Wednesday, September 17, 2008

Domestic football appeared equally bright: domestic leagues were established everywhere. If this sounds strange today, it was not so then – Bundesliga did exist before 1964 and the Second league was organized after 1970. Most African and Asian countries established their domestic championships during the 1960s and regularity was still wanted. Brazil organized national league in 1971 – the last of the major football countries to have one. Structurally, everybody copied the British model – a pyramid of divisions, from the elite first to whatever bottoms, with winners promoted to a higher division and loser relegated down. And in parallel was the national cup tournament, giving chance to small clubs sometimes to reach to glorious heights. Generally, the system was fare – even countries dominated by two-three big clubs provided opportunity for small clubs either to play top level football or to surprise everybody by winning the cup. It was also possible big clubs to face relegation – if today no matter how bad Manchester United plays, nobody imagines a final place lower than 10th in the final table (may be even this is a big stretch of imagination), the same club went down to the Second Division in the early 1970s. Yet, United had players, at least judging by the names, more talented than half of the First Division. Unlike today, final tables were not so obvious before even the season started yet. And national cups were still important and attractive for both clubs and supporters. The element of surprise continued to be important – the relatively unknown outside Brazil Atletico Mineiro won the first Brazilian championship. The club did not have world-class superstars, unlike its famous rivals, some of which had to wait many years before winning domestic title.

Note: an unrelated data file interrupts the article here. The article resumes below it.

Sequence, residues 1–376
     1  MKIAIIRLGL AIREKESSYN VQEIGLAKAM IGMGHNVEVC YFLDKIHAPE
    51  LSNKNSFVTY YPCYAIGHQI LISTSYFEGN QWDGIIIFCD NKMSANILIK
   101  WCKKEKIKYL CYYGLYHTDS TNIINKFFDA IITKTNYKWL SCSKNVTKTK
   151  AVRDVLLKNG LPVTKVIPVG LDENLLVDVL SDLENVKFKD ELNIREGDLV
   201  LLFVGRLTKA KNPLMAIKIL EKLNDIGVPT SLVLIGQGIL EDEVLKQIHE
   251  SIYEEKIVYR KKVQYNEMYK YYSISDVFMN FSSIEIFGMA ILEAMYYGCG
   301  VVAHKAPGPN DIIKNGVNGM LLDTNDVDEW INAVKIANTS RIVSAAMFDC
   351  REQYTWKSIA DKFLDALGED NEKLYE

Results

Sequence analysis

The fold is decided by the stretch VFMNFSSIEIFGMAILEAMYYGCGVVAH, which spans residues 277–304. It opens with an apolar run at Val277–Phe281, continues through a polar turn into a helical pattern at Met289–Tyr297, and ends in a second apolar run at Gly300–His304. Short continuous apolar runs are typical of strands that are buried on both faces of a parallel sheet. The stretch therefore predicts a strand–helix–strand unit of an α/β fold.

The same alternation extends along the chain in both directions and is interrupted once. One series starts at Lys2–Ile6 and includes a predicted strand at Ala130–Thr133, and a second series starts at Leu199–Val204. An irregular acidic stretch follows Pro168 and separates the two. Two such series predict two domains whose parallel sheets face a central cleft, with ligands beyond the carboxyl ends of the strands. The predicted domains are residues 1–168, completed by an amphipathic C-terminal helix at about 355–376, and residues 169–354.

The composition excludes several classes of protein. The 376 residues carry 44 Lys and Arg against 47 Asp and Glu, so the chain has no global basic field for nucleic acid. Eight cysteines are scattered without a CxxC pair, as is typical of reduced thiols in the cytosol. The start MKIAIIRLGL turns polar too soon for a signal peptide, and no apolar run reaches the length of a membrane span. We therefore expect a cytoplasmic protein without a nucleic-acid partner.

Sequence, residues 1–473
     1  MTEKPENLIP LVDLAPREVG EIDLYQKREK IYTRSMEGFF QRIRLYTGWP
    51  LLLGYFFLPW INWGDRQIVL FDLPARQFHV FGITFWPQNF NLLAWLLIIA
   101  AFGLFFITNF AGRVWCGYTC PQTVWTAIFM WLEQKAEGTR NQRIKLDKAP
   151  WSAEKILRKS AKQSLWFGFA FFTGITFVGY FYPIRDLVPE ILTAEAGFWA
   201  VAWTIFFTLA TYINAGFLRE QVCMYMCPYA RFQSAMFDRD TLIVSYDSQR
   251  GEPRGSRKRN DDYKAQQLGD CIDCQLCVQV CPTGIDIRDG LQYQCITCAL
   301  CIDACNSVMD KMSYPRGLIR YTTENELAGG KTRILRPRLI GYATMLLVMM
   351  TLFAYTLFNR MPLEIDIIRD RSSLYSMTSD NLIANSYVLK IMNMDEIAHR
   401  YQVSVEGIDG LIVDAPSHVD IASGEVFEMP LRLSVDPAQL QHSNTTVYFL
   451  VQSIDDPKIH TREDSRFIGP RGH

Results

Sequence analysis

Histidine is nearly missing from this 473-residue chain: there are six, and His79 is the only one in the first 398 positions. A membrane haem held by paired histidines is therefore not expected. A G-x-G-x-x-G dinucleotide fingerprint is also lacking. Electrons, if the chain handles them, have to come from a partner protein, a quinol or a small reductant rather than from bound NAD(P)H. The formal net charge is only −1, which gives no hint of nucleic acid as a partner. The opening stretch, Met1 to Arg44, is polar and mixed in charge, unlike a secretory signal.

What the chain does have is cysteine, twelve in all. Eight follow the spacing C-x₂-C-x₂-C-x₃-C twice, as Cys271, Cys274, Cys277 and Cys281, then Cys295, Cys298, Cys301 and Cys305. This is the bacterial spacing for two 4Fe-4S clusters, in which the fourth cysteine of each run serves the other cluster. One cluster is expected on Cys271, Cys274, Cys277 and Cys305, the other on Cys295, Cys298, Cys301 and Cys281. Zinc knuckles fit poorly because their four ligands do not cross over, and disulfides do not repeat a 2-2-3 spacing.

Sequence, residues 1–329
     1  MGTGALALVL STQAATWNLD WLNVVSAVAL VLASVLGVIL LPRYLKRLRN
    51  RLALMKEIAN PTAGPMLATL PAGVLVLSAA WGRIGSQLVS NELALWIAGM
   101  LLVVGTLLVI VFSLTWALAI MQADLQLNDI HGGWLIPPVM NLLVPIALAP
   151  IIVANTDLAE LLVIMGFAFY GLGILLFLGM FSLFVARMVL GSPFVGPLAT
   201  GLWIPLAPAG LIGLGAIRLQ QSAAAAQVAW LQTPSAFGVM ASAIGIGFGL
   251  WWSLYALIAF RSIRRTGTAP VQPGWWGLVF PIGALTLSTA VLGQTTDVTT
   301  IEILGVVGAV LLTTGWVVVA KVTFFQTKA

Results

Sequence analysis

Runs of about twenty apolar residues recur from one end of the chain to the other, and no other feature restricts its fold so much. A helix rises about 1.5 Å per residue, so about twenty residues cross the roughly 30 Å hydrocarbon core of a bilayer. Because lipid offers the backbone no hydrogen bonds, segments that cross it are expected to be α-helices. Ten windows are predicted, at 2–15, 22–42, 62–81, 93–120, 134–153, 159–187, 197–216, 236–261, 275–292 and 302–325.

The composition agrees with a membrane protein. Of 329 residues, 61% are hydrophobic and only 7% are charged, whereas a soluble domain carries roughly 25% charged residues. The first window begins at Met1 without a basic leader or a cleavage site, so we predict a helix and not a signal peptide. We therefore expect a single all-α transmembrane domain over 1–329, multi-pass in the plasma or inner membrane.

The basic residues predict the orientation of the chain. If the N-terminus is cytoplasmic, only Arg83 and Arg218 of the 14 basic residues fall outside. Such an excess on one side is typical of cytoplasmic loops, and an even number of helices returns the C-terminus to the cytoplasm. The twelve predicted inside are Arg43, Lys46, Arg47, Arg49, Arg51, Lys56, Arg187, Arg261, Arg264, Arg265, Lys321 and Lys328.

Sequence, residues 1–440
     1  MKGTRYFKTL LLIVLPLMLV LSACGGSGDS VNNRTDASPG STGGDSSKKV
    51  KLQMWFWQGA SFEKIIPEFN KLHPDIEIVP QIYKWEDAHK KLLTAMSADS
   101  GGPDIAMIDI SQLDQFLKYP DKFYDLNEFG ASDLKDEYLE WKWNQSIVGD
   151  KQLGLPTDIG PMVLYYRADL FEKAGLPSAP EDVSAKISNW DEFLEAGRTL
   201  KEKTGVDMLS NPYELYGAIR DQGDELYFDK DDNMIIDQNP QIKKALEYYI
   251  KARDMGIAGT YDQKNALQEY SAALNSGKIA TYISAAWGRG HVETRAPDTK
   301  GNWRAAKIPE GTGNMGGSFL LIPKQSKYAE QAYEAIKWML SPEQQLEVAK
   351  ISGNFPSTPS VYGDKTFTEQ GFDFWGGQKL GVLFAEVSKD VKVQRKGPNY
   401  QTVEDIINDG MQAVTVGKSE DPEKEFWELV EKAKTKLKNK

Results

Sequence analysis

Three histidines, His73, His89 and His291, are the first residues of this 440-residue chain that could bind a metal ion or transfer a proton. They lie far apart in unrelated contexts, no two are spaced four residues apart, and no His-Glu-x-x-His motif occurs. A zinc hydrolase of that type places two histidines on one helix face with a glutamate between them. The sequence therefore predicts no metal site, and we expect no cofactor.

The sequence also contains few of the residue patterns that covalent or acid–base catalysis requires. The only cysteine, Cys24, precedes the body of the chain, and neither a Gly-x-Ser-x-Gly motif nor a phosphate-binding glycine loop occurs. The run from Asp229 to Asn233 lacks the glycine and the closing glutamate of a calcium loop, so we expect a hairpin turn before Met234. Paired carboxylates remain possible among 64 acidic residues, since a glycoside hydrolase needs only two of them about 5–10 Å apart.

Atletico Mineiro, the first champions of Brazil
First row left to right: Ronaldo, Humberto Ramos, Dario, Lola, Tiao
Second row: Renato, Humberto Monteiro, Grapete, Vanderlei, Vantuir, Oldair

Note their irregular jerseys. Not the first club to play with awkwardly mixed kit, but certainly one of the very last – in the 1970s kits became homogenous. Out of date jerseys perhaps, but champions! By contrast, Fluminense finished 16th in the 20-team league. On the strength of the title, Atletico Mineiro purchased a star – the Uruguayan Ladislao Mazurkiewicz, one of the best all-time goalkeepers – after the season. Alas, no second title…